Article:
I remember getting the call from my mom on Valentine's Day way back in 2001: "They have a set of lungs for your sister! She's being prepped for surgery now ... you need to get here as soon as you can." My mother's voice was raspy and breathless. She alternated between nervous excitement and dark trepidation. I booked a flight for Javi and I on the next flight from Boston to Raleigh.
Nine years ago. I wasn't able to talk with my baby sister before the operation. A team of skilled surgeons spent long hours removing her 20-year-old lungs and replacing them with a set of fresh, pink, young ones. Everyone knew Ashley needed that transplant. She and our mother fought for it with every ounce of strength they could muster, despite being told in many different ways that the transplant team didn't consider Ashley a worthy candidate. The held on and dug in and fought for my sister's right to live.
On that operating table nine years ago, surgeons removed two organs that were once healthy but had become so ravaged by the infections that are part and parcel of Cystic Fibrosis that they looked more like tiny, hard, shriveled lumps. The surgical team exhaled and remarked that those lungs, those diseased and worn-out lungs, had barely any life in them. They raised their eyebrows at the amazing miracle of transplantation -- the one thing that would keep this girl alive. My sister would've died within months, they realized once they saw those little lungs. Weeks even.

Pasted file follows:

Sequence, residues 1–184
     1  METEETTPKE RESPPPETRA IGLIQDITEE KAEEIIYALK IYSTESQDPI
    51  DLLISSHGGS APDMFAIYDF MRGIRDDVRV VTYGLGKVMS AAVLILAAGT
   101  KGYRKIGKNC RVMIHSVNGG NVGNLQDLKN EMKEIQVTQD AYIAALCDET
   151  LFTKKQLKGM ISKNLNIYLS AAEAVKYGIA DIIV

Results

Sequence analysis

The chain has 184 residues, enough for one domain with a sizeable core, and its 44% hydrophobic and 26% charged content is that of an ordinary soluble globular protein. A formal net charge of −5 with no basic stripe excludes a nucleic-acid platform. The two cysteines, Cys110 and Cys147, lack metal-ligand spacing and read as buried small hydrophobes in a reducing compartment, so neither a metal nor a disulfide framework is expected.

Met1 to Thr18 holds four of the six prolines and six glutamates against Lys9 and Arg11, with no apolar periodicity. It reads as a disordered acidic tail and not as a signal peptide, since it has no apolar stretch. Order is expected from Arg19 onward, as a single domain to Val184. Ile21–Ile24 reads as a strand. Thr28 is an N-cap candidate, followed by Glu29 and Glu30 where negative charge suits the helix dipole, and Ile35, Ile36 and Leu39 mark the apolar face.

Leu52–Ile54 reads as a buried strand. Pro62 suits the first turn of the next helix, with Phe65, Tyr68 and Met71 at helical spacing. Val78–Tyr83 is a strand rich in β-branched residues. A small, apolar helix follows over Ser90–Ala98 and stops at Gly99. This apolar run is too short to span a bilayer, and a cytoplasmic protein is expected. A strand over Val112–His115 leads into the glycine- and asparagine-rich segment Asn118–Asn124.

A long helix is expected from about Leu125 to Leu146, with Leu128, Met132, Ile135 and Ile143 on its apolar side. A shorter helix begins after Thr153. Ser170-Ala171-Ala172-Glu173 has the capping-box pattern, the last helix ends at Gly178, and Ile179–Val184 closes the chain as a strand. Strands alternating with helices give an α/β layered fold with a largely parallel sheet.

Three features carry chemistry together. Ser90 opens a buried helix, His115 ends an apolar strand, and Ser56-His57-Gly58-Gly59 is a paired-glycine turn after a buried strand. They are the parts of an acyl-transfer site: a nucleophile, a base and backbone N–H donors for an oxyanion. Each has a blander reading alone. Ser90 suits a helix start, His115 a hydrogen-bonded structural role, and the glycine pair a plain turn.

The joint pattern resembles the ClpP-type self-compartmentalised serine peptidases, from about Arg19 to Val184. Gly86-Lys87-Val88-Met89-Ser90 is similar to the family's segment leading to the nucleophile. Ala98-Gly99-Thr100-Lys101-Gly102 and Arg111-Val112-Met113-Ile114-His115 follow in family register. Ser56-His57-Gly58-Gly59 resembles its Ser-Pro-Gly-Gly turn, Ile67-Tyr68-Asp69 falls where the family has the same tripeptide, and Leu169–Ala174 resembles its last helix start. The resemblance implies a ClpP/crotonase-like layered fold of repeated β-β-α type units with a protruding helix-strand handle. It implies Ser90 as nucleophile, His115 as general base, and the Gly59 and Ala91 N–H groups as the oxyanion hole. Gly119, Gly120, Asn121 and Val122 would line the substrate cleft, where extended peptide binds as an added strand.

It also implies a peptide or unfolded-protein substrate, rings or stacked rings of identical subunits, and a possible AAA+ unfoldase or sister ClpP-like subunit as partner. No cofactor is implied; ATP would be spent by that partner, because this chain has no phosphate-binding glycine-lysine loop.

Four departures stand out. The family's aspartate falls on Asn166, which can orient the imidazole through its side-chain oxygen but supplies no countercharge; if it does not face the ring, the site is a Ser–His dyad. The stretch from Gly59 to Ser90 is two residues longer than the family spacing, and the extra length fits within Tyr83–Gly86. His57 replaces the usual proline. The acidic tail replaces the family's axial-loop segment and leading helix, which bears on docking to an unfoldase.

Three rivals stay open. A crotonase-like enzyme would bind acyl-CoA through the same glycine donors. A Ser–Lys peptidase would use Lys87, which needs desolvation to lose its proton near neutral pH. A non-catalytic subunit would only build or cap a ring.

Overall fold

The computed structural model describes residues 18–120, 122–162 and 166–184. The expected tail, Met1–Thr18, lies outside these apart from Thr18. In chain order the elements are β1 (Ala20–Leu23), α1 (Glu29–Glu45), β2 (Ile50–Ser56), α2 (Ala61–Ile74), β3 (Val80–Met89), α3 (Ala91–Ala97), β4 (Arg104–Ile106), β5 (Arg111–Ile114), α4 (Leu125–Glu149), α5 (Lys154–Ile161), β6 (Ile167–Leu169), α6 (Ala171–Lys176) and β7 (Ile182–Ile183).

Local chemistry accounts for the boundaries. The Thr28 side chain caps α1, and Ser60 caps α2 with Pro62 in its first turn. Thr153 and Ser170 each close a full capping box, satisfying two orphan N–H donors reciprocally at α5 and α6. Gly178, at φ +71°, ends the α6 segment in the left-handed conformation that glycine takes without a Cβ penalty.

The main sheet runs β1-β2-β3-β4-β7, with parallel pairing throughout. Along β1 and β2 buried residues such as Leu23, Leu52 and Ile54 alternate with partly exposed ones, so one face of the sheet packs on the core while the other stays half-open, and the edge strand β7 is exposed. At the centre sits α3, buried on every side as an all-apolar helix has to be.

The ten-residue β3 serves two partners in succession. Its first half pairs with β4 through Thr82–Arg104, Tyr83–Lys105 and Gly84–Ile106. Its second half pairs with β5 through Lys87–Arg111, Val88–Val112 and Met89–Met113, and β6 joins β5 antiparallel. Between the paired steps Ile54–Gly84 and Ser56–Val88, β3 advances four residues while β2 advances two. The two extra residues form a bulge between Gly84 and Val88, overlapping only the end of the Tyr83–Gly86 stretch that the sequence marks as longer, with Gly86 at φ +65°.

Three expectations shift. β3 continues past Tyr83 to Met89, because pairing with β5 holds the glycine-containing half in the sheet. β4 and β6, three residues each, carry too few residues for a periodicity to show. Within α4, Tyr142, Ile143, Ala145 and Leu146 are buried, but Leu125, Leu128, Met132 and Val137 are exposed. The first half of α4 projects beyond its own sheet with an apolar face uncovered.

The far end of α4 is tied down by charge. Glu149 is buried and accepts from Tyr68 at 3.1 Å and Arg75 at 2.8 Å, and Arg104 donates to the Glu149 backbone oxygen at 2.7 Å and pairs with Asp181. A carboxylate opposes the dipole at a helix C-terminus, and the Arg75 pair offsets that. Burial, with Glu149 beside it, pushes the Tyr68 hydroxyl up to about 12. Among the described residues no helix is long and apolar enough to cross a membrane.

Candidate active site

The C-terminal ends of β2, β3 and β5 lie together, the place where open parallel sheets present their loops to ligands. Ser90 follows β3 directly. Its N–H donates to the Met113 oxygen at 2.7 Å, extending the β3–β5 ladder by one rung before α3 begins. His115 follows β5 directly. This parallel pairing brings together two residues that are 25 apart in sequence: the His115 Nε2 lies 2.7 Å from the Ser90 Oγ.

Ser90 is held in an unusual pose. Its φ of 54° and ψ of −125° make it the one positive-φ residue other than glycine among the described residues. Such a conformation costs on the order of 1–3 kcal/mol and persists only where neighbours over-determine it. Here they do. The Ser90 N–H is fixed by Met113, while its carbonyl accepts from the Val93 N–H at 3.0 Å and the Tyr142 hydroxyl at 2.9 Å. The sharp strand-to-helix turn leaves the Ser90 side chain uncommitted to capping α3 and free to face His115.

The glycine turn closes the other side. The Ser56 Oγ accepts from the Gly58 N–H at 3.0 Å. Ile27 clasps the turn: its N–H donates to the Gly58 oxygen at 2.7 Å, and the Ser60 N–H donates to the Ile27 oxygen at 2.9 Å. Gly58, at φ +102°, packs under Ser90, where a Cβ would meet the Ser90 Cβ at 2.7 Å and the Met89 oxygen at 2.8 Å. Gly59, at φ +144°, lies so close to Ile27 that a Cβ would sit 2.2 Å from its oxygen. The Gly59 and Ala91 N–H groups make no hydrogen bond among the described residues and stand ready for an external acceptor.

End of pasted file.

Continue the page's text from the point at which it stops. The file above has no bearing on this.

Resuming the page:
No one saw it coming. Ashley just happened to be in the hospital recovering from the flu and was on the same round of antibiotics and fluids that she would've needed to prepare for a transplant. An unknown tragedy befell another family in the world, and that family gave our family the gift of two beautifully healthy lungs. It was a chain reaction, a complicated string of grief and circumstance and right-place-right-time, and at the end of it, my sister was alive and looking down an amazingly long road of living.
My sister has chosen not to reach out to her donor's family, but she thanks them every day for finding the strength to transform their personal tragedy into a miracle for so many others. All told, six people received organs that night. Today, Ashley is the only one left to remember the beauty and magic of that Valentine's day night, but she tells her story with pride and humility and hope for the future.
The past nine years have been good to her. She's traveled to nearly every continent on the planet. She's studied in England, welcomed another nephew and her first niece, loved and lost and loved again. She's lived. She's breathed deeply into those healthy lungs and lived. I know she's proud of how she's carried these lungs in the world. I am proud of her, too.
Here's to another long nine years with this precious gift. Happy anniversary little sister!